It is often referred to in the context of explaining otherwise mysterious but commonly observed movements of spinning balls in sport, especially tennis, volleyball, golf, baseball, association football (soccer) and cricket. The sport in which the effect is perhaps most starkly observed is table tennis, mostly due to the ball being very small and low in density. An experienced player can place a wide array of spins on the ball, the effects of which are an integral part of the sport itself. Table tennis bats usually have outer layers made of rubber to give the racket maximum grip against the ball to facilitate spinning.
Contrary to what some think, the Magnus effect is not responsible for the movement of a cricket ball seen in swing bowling, although it does contribute to the motion known as drift in spin bowling.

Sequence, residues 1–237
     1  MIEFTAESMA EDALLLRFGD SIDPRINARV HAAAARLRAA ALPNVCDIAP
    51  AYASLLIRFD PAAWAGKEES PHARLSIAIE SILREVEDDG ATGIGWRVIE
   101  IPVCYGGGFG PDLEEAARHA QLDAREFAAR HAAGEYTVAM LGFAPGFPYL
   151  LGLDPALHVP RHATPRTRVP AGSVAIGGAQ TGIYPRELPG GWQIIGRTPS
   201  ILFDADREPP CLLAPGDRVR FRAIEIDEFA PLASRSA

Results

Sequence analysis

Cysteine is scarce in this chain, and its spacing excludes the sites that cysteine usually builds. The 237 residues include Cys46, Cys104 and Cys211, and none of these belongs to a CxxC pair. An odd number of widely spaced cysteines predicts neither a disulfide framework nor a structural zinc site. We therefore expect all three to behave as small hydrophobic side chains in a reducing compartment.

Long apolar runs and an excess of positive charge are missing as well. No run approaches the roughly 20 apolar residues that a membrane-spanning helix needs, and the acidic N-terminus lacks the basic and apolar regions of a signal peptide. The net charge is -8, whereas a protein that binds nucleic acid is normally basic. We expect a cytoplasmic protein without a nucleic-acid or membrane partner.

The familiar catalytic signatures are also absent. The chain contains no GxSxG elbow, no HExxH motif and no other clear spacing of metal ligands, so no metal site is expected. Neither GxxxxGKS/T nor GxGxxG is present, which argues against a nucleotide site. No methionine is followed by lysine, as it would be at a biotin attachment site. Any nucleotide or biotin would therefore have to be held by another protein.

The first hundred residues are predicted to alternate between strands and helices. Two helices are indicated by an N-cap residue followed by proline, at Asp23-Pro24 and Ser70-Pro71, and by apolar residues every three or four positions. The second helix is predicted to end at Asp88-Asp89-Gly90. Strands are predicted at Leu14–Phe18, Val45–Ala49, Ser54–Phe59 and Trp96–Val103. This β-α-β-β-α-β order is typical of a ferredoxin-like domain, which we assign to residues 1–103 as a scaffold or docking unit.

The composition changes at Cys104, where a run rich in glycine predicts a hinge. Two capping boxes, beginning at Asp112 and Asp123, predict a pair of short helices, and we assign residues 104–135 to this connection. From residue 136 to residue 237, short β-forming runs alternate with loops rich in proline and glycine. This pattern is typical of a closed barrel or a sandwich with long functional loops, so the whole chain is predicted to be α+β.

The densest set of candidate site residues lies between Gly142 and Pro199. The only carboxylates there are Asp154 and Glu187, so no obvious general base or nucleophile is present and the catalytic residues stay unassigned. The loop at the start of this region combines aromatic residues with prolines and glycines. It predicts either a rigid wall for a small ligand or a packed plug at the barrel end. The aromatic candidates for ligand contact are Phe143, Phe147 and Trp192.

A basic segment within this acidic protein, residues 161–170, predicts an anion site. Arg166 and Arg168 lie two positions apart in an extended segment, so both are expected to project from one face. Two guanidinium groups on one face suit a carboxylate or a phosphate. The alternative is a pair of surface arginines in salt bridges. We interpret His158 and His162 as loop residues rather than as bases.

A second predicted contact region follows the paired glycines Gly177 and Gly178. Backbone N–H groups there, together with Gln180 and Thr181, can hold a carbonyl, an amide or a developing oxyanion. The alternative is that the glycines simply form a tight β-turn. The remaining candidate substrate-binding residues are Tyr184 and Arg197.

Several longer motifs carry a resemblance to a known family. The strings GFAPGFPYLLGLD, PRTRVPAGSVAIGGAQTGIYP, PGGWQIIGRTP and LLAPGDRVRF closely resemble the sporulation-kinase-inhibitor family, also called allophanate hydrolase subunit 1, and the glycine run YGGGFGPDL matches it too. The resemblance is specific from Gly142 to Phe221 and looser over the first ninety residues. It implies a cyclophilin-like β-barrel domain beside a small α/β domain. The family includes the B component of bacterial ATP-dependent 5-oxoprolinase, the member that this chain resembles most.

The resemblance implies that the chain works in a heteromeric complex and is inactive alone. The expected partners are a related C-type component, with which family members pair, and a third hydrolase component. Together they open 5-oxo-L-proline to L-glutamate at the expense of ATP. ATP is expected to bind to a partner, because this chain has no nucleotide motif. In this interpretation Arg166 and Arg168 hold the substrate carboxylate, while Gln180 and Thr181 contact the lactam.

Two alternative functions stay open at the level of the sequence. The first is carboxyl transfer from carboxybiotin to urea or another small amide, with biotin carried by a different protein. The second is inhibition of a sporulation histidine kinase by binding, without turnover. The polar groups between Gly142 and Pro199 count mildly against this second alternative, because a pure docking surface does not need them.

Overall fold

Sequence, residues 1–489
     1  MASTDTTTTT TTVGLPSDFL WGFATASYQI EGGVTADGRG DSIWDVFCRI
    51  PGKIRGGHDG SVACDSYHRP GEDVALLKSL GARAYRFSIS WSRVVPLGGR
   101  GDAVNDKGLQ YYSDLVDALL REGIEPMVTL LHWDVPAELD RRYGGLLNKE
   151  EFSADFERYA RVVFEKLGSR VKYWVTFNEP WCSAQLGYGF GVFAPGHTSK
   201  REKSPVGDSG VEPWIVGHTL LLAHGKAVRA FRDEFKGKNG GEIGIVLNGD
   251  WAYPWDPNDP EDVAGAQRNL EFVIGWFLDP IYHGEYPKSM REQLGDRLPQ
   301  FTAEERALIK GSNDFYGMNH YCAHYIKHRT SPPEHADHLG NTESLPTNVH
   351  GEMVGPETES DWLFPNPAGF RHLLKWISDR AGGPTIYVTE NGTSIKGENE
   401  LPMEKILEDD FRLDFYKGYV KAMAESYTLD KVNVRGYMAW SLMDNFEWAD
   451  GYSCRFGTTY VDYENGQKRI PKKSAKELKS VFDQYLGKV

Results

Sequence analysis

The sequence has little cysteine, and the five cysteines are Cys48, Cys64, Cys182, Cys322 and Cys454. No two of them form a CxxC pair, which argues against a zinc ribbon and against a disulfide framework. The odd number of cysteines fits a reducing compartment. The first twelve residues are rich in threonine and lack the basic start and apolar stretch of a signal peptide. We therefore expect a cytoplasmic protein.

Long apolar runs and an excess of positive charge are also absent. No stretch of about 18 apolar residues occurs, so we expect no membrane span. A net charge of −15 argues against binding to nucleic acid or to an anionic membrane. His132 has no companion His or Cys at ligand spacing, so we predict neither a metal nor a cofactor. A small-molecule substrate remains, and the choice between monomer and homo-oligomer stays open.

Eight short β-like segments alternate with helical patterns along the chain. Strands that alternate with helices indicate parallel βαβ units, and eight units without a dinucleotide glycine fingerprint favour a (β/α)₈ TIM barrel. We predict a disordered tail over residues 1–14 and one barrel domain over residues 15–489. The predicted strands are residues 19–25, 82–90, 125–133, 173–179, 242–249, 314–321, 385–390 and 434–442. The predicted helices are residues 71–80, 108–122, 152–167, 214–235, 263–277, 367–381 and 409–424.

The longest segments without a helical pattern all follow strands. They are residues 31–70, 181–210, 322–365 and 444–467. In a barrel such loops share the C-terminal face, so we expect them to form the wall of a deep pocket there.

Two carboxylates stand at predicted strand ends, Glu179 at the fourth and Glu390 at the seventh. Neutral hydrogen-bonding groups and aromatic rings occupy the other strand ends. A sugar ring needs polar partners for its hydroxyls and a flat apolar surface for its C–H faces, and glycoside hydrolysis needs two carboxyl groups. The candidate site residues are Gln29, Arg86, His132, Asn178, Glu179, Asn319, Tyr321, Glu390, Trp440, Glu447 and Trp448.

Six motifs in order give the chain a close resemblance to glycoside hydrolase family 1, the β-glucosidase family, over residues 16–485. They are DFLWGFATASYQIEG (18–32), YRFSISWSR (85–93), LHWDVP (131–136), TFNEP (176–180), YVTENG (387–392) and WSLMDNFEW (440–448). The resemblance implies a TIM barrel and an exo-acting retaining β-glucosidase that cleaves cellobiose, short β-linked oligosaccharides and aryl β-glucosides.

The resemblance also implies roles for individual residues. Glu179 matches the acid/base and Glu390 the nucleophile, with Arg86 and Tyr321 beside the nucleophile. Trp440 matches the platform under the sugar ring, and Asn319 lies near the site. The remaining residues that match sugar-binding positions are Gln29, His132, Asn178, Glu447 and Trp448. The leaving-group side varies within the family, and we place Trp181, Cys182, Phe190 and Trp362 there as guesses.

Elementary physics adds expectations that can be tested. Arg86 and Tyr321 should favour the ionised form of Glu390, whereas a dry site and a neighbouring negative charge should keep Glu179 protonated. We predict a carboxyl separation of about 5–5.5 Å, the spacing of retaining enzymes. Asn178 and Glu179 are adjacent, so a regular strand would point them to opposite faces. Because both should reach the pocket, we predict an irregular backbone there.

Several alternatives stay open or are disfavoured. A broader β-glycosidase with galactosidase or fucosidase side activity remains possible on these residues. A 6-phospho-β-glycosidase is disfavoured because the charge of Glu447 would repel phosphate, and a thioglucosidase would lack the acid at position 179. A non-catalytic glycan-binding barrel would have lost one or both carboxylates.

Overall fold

German physicist Heinrich Magnus first described the effect in 1853 but according to James Gleick  Isaac Newton described it and correctly theorised about the cause 180 years earlier after observing tennis players in his Cambridge college.
Additional recommended knowledge
The following equations demonstrate the manipulation of characteristics needed to determine the lift force generated by inducing a mechanical rotation on a ball.
The lift coefficient is very dependent on the spin ratio ( (angular velocity*diameter)/(2* linear velocity) ) of the ball. Lift coefficient may be determined from graphs of experimental data using Reynolds number and spin ratio. Typical lift coefficients of a smooth ball range from 0.2 to 0.6 for spin ratios ranging from 0.5 to 4.5.
The Magnus effect in external ballistics, also known as 'spin drift'